PORTLAND — Pairs of Portland police officers charged through smoke and the sound of screams, looking for a fictional gunman who had opened fire on civilians – all part of training in case the real thing happens here.

The department finished three months of what it calls “active shooter training” at the Portland Ocean Terminal this week. The series of exercises were aimed at familiarizing officers with what they need to do in the chaos of a real shooting scenario.

“If this happens down the road, they’ll at least have muscle memory,” said Portland Police Chief Michael Sauschuck, referring to the tendency for training to take over in high-stress situations.

The drills were funded through a federal Homeland Security grant administered by the Maine Emergency Management Agency. In the first phase, six Portland officers traveled to Louisiana State University to get the latest in tactical training and learn how to train others.

They then brought that knowledge back to Portland so that every officer in the department could undergo training.

Sauschuck said the need for every officer o be trained reflects changes in how police respond to situations where a gunman is shooting people. Police practice used to be that the first officers to arrive would block off a perimeter and wait for specialists, such as a special reaction team.

Then, after the Columbine High School massacre in Colorado in 1999, police realized it was more important to get officers into the building quickly. Now, the first two officers on the scene are supposed to enter the building – or wherever the shooting is occurring – and try to address the threat, Sauschuck said.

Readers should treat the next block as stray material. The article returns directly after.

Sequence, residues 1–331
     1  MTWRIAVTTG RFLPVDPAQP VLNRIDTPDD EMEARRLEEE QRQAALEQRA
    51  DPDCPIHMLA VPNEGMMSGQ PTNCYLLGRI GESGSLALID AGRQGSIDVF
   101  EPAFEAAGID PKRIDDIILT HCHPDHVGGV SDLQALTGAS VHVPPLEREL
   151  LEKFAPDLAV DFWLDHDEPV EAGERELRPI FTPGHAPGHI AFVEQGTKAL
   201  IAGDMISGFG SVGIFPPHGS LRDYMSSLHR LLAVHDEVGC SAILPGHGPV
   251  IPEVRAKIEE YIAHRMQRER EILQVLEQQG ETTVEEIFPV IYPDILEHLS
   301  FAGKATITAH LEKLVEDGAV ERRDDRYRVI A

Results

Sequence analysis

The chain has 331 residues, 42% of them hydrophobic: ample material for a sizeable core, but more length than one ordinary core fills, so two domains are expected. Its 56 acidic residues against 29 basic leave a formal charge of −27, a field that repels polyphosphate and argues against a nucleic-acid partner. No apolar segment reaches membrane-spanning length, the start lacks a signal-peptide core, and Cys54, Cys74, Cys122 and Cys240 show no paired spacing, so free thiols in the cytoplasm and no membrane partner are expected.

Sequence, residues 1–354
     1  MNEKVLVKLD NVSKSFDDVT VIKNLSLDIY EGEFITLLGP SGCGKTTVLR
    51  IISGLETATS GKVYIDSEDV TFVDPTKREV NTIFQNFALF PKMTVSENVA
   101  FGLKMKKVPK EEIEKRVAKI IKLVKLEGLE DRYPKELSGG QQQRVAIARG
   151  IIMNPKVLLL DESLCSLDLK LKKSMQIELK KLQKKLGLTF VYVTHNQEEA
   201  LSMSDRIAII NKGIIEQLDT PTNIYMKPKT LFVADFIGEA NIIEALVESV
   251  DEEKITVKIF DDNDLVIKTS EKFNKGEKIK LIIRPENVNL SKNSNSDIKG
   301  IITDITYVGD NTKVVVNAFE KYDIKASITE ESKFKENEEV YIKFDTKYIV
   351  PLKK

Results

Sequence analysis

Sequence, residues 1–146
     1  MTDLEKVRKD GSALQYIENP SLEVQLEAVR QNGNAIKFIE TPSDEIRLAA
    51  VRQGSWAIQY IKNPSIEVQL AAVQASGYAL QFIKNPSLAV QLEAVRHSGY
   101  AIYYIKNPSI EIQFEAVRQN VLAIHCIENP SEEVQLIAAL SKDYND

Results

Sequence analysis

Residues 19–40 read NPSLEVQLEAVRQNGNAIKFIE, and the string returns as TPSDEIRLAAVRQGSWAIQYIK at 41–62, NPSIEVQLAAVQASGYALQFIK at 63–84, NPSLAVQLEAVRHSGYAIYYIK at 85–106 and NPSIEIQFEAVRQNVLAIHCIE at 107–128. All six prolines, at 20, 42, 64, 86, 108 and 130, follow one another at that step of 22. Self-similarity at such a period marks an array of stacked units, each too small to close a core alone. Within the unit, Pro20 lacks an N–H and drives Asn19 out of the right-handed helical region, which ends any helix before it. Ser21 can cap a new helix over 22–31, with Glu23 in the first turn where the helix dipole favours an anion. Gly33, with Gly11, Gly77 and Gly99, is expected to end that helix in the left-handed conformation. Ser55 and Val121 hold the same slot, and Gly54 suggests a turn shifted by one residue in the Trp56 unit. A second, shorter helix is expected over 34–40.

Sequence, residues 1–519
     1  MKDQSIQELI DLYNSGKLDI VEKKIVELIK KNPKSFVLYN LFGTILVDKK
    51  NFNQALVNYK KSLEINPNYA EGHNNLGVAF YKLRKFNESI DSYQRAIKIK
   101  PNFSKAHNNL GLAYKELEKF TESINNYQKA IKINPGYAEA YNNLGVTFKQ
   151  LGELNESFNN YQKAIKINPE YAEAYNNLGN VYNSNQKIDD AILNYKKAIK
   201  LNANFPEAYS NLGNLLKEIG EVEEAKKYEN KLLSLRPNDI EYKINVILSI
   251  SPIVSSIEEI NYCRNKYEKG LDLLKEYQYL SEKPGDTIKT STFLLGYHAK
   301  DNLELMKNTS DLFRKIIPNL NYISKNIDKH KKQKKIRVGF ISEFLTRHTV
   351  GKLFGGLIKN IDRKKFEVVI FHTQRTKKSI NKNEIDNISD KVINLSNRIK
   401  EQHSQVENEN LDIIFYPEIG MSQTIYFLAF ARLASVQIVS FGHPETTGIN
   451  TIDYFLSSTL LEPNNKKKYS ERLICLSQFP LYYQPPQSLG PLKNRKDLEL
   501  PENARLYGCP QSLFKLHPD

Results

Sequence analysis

Training on Tuesday featured officers wearing black protective hoods with visors who first smashed through a locked metal door and cut a chain to get through. That exercise was drawn specifically from the 2007 Virginia Tech shooting rampage, in which the gunman used chains to lock the exterior doors of a building, Sauschuck said.

Officers then charged upstairs where an instructor screamed that there were people being shot down the hall. A smoke machine made it hard to see and an audio track played the loud reports of simulated gunfire and blood-curdling screams.

When officers identified a suspect, they fired an artificial ammunition that, like paintballs, left a mark. Instructors could then critique not only the response but the shooting decisions and accuracy under stress.

The training for each of the 150 officers consisted of five hours in the classroom and 10 hours of training exercises.

Sauschuck said officers will train for such situations, but civilians should also know what to do: run, hide, fight.

If someone is shooting, people should run if they can. If not, find a safe place to hide if that is possible, locking doors and turning cell phone ringers off.

If they can’t run or hide, or they’re discovered, “you fight for your life,” Sauschuck said.